Madoc informs his daughters that King Eldred is planning to abdicate his throne in favor of one his children. Balekin is the oldest, but prone to debauchery. Princess Elowyn is next in line, but she is more interested in artistic endeavors than ruling the kingdom. Prince Dain is a warrior and considered the king’s choice to succeed him. Madoc assures his family he has a plan to ensure their futures once the new king is crowned at the autumn solstice.

Jude is furious when Madoc refuses to let her fight for a knighthood at the upcoming Summer Tournament. Jude takes out her frustrations on Cardan and his friends, and they retaliate against her. Vivi tries to cheer her sisters up by using her magic to take them to a mall in the mortal world. She wants the girls to move in with her and her girlfriend, Heather, but Jude and Taryn want to stay in Faerie.

After the first skirmish at the Summer Tournament, Cardan finds Jude and insults Taryn, sparking Jude’s anger. As the second skirmish begins, she fights viciously, attacking Cardan and Valerian. Her side wins the game.

Cardan is furious and threatens Jude unless she begs his forgiveness. She refuses, vowing to spend her life defying him. Locke, one of Cardan’s friends, comes to her aid. He tells her that she gets under Cardan’s skin like a splinter and encourages her to continue.

Jude returns home alone and is met by Prince Dain, the heir apparent to the Faerie throne. He offers to make her a spy within his court. If she accepts, she will live a life of danger, but she will also have the protection of the future king. As her biggest fear is falling under a Faerie spell and being forced to humiliate, or even kill herself, he offers to put a formal geas of protection on her. This will keep any other faerie from enchanting her.

Although the geas will protect her from a faerie spell, it cannot keep her from the effects of eating faerie fruit, which Valerian forces her to eat the following day. The fruit makes her delirious and open to any suggestion the faeries give her. When instructed, she takes off her clothes.

Cardan demands she kiss his feet, but Locke stops her. Cardan then pricks her finger with a pin. She sucks the blood from her fingertip, and the salt in her blood begins to dispel the effects of the fruit. Locke walks her home, wrapped in a blanket. Before he leaves her, he asks to see her again.

That night, Jude goes on her first spying mission for Prince Dain. She is to find evidence of treason in Prince Balekin’s home. She does not have to hide herself, as mortals are used as slaves and barely seen by most faeries. In a library, she finds a note about poisonous mushrooms. She makes a copy of it then hides as Balekin and Cardan enter.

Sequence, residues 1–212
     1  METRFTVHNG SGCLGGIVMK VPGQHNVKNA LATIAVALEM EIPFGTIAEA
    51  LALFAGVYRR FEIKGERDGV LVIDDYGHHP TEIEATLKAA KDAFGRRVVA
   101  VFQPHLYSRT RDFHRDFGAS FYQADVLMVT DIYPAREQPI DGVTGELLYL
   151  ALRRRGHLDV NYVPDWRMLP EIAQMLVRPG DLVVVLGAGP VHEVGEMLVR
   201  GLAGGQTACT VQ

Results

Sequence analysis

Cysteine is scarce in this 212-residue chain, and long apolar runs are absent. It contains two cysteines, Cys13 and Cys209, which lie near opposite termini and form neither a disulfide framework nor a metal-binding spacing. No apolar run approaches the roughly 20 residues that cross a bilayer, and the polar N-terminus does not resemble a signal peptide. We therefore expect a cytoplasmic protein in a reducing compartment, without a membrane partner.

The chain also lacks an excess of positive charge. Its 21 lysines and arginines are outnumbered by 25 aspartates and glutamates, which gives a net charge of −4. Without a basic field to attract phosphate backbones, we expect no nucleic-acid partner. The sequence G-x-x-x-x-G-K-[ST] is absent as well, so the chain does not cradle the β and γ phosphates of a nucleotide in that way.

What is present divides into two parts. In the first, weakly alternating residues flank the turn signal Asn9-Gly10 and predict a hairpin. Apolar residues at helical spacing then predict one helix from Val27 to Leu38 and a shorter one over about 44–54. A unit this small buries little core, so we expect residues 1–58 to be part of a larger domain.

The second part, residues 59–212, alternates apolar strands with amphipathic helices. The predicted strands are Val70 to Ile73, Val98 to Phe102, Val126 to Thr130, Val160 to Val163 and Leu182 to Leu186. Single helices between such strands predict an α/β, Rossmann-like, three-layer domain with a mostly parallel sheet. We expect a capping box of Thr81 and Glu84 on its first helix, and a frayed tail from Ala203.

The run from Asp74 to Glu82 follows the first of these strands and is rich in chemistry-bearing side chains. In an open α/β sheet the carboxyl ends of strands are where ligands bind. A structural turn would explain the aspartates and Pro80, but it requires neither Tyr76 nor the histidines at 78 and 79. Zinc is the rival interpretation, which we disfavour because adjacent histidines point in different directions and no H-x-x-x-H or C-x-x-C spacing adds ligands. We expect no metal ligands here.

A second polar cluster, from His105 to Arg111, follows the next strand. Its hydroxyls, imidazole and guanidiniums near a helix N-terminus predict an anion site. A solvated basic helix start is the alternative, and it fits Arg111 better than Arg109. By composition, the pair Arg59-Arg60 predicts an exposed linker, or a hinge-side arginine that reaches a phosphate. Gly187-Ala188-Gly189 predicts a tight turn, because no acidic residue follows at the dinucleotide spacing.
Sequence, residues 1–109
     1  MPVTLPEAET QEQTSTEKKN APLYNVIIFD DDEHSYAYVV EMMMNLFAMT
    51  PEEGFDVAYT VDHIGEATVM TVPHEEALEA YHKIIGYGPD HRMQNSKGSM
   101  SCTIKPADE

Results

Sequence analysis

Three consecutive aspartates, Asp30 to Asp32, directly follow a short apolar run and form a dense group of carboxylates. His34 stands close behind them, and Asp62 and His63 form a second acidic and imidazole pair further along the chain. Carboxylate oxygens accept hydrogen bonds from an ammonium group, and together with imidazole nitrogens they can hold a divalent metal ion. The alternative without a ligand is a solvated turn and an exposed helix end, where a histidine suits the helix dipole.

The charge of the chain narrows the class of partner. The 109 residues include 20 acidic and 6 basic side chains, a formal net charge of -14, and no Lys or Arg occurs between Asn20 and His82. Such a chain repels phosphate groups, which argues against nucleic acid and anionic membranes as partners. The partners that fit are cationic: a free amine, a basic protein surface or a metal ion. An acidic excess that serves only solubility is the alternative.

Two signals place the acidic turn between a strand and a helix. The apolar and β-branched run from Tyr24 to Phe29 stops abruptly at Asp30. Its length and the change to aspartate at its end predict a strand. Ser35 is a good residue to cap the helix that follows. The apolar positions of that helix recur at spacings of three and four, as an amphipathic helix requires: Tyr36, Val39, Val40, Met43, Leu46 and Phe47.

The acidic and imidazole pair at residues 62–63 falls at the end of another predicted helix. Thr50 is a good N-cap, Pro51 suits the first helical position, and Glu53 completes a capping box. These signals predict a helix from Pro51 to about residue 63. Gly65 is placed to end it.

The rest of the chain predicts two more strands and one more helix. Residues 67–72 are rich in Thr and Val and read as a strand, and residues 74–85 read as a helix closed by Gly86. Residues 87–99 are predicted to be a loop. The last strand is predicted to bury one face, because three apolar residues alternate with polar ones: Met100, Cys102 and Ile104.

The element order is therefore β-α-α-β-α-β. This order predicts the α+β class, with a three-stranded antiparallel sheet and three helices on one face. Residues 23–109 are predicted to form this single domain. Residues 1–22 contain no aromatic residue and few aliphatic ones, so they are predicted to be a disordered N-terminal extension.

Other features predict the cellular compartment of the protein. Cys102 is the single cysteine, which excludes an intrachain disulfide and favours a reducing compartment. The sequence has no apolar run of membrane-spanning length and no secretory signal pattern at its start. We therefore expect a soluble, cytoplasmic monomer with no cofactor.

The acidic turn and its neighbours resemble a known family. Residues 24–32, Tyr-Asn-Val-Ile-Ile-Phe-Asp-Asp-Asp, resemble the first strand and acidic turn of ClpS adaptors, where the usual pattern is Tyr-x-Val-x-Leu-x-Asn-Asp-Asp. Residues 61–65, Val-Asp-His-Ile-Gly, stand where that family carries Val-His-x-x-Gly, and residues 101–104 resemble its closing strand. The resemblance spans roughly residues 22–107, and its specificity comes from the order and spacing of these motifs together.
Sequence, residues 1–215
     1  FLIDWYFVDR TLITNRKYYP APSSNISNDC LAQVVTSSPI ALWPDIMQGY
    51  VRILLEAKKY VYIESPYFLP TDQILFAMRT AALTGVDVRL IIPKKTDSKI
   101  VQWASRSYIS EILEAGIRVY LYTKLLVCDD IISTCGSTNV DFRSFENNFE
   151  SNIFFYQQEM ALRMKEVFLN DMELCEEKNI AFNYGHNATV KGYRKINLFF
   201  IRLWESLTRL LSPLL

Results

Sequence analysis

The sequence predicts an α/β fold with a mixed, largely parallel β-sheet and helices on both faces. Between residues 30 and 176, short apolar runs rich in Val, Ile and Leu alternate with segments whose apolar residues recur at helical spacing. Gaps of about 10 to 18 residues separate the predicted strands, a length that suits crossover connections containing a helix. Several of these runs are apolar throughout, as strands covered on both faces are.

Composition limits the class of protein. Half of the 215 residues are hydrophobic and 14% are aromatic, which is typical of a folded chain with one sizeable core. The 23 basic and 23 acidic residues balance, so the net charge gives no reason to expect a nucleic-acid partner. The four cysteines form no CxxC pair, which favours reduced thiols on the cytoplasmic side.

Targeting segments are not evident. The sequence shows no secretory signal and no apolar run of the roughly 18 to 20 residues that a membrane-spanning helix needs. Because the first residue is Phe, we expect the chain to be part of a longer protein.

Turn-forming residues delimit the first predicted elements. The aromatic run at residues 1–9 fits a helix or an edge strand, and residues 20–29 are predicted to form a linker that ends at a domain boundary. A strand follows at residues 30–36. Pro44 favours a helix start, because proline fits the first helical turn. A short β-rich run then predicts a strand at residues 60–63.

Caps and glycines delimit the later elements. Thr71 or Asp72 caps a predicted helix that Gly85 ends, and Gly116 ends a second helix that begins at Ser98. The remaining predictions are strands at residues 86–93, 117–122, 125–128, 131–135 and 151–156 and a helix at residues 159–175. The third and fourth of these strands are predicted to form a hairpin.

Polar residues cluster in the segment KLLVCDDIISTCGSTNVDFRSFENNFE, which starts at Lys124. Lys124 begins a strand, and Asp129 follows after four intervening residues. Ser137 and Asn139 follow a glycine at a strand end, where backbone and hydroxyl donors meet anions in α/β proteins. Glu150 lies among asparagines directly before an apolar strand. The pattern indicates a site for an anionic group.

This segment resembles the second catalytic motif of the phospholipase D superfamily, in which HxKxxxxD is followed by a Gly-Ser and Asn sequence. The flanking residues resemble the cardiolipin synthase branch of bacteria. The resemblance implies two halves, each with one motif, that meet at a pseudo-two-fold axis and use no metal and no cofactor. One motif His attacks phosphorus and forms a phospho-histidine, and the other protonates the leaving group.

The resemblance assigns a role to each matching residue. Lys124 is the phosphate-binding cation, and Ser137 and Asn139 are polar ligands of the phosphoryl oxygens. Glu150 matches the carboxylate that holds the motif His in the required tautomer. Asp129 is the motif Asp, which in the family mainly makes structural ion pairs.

Jude watches as Balekin has a servant whip Cardan for disappointing him. For the first time, she has a small amount of pity for him. Later, she brings the note she found to Prince Dain. He recognizes the handwriting as Queen Orlagh’s, Nicasia’s mother. He suspects Balekin of getting the mushrooms to poison him. Although she cannot be compelled by any other faerie, Dain forbids her from ever speaking or writing about what she knows and learns in Dain’s household. She is introduced to Dain’s other spies; they will teach her their tricks so she can improve her skills.

Exhausted from her work as a spy, Jude falls asleep in class. Valerian knocks her out of her chair after the other students leave the tower. He orders her to throw herself from the window. If she were not protected by Prince Dain’s geas, she would have to obey him, killing herself at his request. They fight, and Jude wounds him with a dagger. She flees the tower, and Locke walks her home.

He asks her to attend a party that night, and she agrees. He tells her that his father abandoned him and that his mother died soon after having an affair with the High King. When she became pregnant with the king’s child, she was poisoned with mushrooms. Jude and Locke share several passionate kisses. He offers her one of his mother’s dresses to wear at his party that evening, and she agrees. She stays the night in his bed.

When Jude gets home the next day, she finds a golden acorn in the pocket of the borrowed dress. Inside is a message from Locke’s murdered mother, asking the reader to protect “him” from the intrigues of the court. Jude realizes that the first note she had found about mushrooms may actually have related to Locke’s mother and not an attempt on Prince Dain.

The night before the coronation, Valerian sneaks into Jude’s room and tries to murder her. She kills him in self-defense and buries the body near the stables. The coronation of the new king turns into a blood bath when Prince Balekin and Madoc stage a rebellion. Prince Dain is killed.